Groundbreaking at New Brunswick’s future Innovation and Technology Hub

NEW BRUNSWICK – Governor Phil Murphy, Rutgers President Jonathan Holloway, Princeton Provost Deborah Prentice, Hackensack Meridian Hospital CEO Bob Garrett, RWJ Barnabas CEO Barry Ostrowsky, and Assembly Speaker Craig Coughlin, along with other academic, elected, and private sector leaders today broke ground on the historic New Jersey Innovation and Technology Hub, a 550,000 square foot development that will be a center of innovation, research, and medical education in downtown New Brunswick.

Also announced at today’s event was the relocation of the Rutgers Robert Wood Johnson Medical School to the site and the inclusion of the Rutgers Translational Research facility.

In addition, the County of Middlesex announced today that it will become a new Core Partner in the NJ Innovation & Technology HUB, joining the previously announced Core Partners including Rutgers University, RWJBarnabas Health, Hackensack Meridian Health, New Jersey Economic Development Authority, and New Brunswick Development Corporation (Devco), as well as the first tenants, Princeton University and Choose NJ.

“This is one of those rare projects that when completed will be even more exciting than our original vision,” said Governor Murphy.  “The addition of the medical school and research facility will make this a one-of-a-kind facility and the medical and scientific breakthroughs made here will be felt for generations.”

“The project announced today has the potential to be the most meaningful and profound investment this state has ever made in the translational research that will take innovation and discovery from the bench to the bedside,” Rutgers President Jonathan Holloway said. “This investment will fuel the kind of innovation that unleashes the combined power of one of America’s greatest public research universities with industry and other academic partners to disrupt and to transform the state and regional economies,” he added.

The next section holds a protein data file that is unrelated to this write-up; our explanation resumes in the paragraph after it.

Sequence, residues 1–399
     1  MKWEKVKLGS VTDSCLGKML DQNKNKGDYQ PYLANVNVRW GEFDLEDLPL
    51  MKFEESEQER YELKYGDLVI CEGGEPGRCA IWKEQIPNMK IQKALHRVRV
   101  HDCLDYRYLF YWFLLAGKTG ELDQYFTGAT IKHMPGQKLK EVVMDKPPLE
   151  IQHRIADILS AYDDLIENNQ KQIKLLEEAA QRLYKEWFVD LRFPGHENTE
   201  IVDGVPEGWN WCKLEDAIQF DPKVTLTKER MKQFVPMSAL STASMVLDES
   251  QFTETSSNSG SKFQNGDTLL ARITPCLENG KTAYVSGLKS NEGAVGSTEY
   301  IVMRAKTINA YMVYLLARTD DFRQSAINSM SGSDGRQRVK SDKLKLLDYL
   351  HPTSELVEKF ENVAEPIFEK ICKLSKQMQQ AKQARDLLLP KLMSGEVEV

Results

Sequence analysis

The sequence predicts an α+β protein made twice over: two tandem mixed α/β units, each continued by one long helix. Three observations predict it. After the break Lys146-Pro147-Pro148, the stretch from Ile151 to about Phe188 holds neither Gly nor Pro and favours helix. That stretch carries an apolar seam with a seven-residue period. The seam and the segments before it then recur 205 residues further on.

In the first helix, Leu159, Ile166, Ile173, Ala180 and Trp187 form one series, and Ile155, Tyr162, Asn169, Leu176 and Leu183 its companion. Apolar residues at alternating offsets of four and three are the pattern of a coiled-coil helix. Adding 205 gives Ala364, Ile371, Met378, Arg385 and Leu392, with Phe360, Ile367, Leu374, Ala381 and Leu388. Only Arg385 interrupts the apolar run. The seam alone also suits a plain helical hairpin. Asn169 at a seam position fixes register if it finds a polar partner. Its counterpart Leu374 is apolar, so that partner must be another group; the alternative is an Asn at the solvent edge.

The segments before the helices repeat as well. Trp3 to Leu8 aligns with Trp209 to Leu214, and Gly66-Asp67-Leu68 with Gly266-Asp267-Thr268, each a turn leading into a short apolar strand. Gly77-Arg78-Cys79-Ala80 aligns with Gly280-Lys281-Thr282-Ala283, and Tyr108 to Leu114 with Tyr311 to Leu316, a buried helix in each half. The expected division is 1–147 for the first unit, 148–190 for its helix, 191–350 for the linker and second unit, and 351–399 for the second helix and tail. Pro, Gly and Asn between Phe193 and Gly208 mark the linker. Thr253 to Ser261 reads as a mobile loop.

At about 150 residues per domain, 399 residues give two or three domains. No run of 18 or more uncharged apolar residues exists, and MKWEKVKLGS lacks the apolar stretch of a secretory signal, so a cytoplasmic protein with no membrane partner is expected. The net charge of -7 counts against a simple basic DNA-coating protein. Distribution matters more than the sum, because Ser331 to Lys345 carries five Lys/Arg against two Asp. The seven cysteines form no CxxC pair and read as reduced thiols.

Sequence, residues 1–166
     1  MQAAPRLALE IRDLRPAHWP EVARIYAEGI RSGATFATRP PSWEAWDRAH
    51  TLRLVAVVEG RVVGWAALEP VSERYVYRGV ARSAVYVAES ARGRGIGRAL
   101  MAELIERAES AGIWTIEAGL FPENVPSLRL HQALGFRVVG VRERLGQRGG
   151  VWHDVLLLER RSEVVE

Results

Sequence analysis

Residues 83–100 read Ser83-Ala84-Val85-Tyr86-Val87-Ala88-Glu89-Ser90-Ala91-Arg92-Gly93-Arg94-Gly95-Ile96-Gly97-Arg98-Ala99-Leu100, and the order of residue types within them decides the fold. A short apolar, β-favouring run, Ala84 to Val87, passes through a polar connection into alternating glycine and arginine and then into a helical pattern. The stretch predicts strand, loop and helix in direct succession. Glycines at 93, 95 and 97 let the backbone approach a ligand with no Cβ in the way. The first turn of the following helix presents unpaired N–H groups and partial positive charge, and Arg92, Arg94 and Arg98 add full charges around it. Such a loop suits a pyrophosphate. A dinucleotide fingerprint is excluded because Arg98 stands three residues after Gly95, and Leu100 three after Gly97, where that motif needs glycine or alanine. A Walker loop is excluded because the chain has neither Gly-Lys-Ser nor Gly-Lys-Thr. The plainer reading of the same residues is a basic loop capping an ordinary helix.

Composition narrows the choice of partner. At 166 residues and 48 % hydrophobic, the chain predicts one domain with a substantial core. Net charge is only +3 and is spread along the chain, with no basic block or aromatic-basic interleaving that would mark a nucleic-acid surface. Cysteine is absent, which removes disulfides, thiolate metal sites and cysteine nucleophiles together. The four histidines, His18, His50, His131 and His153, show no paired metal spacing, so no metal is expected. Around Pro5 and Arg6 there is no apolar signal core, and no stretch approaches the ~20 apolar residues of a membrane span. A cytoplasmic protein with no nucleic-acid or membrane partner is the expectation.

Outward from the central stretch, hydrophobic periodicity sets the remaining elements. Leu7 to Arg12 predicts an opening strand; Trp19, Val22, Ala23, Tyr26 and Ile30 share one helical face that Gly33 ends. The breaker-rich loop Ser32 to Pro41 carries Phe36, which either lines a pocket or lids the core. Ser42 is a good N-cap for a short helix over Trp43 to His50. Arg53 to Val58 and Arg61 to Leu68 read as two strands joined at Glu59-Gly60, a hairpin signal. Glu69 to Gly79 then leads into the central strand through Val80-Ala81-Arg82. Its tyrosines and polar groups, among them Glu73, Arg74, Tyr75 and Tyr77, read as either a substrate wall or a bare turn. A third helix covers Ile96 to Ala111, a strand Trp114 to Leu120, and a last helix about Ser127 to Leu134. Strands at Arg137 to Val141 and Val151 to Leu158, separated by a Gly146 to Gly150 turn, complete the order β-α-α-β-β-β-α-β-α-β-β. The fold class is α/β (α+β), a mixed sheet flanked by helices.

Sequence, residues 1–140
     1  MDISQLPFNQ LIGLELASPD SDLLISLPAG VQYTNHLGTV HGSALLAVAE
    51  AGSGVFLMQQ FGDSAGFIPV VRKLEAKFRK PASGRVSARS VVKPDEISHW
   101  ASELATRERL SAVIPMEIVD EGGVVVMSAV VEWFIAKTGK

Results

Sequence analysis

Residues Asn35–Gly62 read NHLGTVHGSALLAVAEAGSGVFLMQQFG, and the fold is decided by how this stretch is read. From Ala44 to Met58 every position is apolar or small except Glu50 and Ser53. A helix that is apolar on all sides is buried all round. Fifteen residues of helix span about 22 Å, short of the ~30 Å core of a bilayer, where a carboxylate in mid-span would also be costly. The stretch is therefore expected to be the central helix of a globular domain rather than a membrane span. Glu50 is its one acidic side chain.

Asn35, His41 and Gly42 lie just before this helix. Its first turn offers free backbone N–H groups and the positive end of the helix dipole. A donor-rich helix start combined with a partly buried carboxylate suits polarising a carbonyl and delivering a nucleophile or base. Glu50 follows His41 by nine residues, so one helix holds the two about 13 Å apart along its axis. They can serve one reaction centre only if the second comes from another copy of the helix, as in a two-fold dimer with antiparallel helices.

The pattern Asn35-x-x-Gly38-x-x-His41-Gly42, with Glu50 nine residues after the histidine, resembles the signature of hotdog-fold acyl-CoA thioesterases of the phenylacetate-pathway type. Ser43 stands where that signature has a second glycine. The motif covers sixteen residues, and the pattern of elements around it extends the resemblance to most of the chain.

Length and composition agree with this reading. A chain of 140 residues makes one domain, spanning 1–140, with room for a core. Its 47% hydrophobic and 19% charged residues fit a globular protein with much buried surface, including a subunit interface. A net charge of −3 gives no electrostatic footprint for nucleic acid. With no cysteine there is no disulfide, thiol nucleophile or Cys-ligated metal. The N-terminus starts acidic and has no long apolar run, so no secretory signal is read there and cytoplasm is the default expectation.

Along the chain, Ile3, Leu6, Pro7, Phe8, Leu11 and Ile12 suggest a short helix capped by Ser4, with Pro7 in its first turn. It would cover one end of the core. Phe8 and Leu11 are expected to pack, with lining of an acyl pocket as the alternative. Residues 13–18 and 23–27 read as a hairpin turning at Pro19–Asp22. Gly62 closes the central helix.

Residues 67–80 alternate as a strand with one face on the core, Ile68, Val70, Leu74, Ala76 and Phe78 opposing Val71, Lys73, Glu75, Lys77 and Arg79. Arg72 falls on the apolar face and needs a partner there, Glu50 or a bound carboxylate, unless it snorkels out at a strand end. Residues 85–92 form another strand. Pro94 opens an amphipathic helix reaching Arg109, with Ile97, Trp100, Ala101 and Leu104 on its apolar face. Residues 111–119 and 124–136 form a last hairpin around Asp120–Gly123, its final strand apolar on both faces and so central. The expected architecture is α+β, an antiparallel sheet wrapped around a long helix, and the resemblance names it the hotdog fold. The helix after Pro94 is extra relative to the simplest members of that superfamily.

“A hub where the best of what our state offers in the life-sciences and biotechnology are creatively and strategically brought together is another step closer to being realized today,” said Assembly Speaker Craig J. Coughlin. “Part of our robust plan for a stronger economic future, this project is a significant investment that propels New Jersey and Middlesex County forward as a leader in research and innovation. Creating jobs and fostering our state’s entrepreneurial spirit, this center will be home to new developments and technological advances that help solve some of the world’s greatest medical challenges.”